By Wendy Harron - March 29, 2012

IM and Transverse Myelitis – a tool to recovery

 

IM and Transverse Myelitis – a tool to recovery

Transverse Myelitis can be very scary. Its onset is fairly quick, and its symptoms can be long lasting. It can be very treatable though, and typically when patients are medically stable, they can benefit from some type of rehabilitation therapy.

I met a young 14 year old girl, who had been fine, but then woke up one morning and felt like she couldn’t move her legs. By the end of the day, she was in the ICU, paralyzed and scared – would she ever move again? Over the next few weeks, she did regain her strength with the exception of her left arm. It hung motionless at her side. Although she was thankful for her recovery by the time of her discharge, Occupational Therapy was recommended to see if we could help her regain more movement in her arm. Initially, traditional ranges of motion exercises were prescribed for her, and she had to perform them by clasping her hands together to move her left arm through its motion. Even when she was lying on her back, she was unable to move her left arm. She reported that she cried at home at night as she was so scared.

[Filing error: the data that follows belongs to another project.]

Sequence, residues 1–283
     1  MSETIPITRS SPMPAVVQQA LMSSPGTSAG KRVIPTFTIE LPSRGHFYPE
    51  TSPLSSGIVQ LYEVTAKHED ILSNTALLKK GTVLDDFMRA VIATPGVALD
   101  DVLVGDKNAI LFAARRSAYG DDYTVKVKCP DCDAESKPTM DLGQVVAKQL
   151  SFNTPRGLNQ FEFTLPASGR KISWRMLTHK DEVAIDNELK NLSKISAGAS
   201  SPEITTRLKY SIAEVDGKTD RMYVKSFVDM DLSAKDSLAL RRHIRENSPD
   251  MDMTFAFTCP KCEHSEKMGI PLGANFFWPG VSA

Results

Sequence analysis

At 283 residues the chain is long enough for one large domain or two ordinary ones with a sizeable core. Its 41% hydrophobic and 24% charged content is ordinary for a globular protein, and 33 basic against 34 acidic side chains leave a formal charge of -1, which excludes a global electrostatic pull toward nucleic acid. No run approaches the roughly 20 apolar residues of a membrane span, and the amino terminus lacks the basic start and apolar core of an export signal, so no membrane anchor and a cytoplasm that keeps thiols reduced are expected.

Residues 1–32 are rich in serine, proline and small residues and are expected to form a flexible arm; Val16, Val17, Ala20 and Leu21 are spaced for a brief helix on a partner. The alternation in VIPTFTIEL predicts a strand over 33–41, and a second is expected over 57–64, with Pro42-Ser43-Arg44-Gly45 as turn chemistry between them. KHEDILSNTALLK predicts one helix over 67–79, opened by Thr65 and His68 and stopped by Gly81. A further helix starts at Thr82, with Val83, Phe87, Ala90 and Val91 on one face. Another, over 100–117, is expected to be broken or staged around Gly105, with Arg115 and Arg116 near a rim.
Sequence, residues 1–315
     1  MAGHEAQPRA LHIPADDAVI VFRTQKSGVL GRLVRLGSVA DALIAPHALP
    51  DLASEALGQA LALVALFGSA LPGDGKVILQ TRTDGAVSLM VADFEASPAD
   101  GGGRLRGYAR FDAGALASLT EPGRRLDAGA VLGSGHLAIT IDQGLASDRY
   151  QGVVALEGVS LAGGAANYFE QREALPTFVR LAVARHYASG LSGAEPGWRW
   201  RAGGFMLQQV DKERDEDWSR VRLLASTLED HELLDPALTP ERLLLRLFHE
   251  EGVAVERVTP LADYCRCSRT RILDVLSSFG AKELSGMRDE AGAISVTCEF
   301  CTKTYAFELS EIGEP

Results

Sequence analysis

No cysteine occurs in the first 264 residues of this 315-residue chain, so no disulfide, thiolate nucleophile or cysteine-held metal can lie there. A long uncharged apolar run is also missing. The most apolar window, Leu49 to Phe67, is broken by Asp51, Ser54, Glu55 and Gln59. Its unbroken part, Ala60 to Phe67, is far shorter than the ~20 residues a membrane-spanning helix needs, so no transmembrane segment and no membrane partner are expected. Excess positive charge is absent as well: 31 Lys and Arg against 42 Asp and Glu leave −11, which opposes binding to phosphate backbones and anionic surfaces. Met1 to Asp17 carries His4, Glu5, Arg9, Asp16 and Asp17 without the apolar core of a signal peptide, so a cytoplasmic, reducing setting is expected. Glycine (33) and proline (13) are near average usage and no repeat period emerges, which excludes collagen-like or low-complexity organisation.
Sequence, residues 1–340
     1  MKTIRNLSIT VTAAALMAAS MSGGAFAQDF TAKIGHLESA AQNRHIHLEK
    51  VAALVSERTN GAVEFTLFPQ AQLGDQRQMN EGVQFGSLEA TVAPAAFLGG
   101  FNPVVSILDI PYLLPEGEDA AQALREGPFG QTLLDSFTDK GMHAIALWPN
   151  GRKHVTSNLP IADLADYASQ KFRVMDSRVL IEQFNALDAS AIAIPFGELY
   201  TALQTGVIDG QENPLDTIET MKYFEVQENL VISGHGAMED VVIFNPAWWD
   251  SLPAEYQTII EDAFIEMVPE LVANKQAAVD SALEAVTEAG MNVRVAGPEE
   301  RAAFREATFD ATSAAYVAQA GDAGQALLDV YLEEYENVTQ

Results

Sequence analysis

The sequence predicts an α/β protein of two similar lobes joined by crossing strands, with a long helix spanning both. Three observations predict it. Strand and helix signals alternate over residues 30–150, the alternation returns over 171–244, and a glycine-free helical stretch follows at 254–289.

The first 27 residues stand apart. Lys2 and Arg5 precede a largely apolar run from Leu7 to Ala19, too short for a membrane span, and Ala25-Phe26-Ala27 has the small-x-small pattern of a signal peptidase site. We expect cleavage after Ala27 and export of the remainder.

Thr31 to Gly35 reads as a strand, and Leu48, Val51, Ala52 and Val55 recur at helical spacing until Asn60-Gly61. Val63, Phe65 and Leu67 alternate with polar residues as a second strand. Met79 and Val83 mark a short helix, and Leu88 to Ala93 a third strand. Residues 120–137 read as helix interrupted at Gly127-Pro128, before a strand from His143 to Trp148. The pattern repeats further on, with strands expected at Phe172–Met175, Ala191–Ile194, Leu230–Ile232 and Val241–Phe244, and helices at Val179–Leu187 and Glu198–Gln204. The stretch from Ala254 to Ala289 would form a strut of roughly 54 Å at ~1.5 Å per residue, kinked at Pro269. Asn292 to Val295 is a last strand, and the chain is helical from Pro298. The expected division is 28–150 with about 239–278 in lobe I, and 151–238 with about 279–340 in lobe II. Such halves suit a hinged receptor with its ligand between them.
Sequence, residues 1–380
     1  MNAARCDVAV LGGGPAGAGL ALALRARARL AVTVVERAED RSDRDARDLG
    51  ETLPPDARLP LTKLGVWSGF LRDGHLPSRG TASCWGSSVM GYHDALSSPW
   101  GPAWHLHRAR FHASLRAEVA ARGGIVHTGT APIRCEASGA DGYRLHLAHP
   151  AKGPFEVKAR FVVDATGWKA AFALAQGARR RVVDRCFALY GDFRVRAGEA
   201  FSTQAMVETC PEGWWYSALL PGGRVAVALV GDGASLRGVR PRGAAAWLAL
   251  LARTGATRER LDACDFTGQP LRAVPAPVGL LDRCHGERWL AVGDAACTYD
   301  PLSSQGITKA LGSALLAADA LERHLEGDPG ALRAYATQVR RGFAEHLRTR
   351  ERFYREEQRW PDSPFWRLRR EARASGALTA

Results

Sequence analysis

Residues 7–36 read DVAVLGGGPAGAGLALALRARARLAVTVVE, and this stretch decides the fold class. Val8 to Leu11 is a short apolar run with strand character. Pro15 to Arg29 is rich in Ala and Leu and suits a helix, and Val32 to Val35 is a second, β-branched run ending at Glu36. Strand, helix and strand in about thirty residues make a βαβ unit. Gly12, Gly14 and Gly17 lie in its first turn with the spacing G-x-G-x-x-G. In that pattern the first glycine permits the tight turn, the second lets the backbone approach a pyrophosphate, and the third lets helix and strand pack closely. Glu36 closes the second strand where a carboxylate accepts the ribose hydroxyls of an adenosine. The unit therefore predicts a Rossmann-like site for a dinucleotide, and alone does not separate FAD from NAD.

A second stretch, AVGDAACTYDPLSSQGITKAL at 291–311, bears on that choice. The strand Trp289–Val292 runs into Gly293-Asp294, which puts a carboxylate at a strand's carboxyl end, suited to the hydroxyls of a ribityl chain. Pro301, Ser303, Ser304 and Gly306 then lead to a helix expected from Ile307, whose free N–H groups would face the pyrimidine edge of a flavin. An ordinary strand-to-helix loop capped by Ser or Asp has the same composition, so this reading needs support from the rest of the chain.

After 4 sessions, I began to wonder if we used the Interactive Metronome when performing her exercises, what benefit would it give her? It would certainly help her to get more repetitions in during the session! It would help distract her from focusing on moving her arm so she may move it more naturally! It would be a unique experience for her that could help her condition overall. So, we decided to give it a try!

She came into the clinic twice a week for eight weeks. We continued with hands together activities initially, moving her hands to bump switches above and below the computer monitor to the beat ( like a volleyball player would bump the ball). We also did exercises while she was lying on her back making it easier for her to move her shoulder. As time went on, she got more and more movement back! By the time our sessions were over, she was able to reach above her head, behind her back and out to the side with her left arm!

IM should be considered as a treatment modality with a wide range of diagnosis! In this teen’s case, it helped her to get in a lot of repetitions in a short time while restoring her timing and coordination to her left arm. It was a great asset to her recovery!

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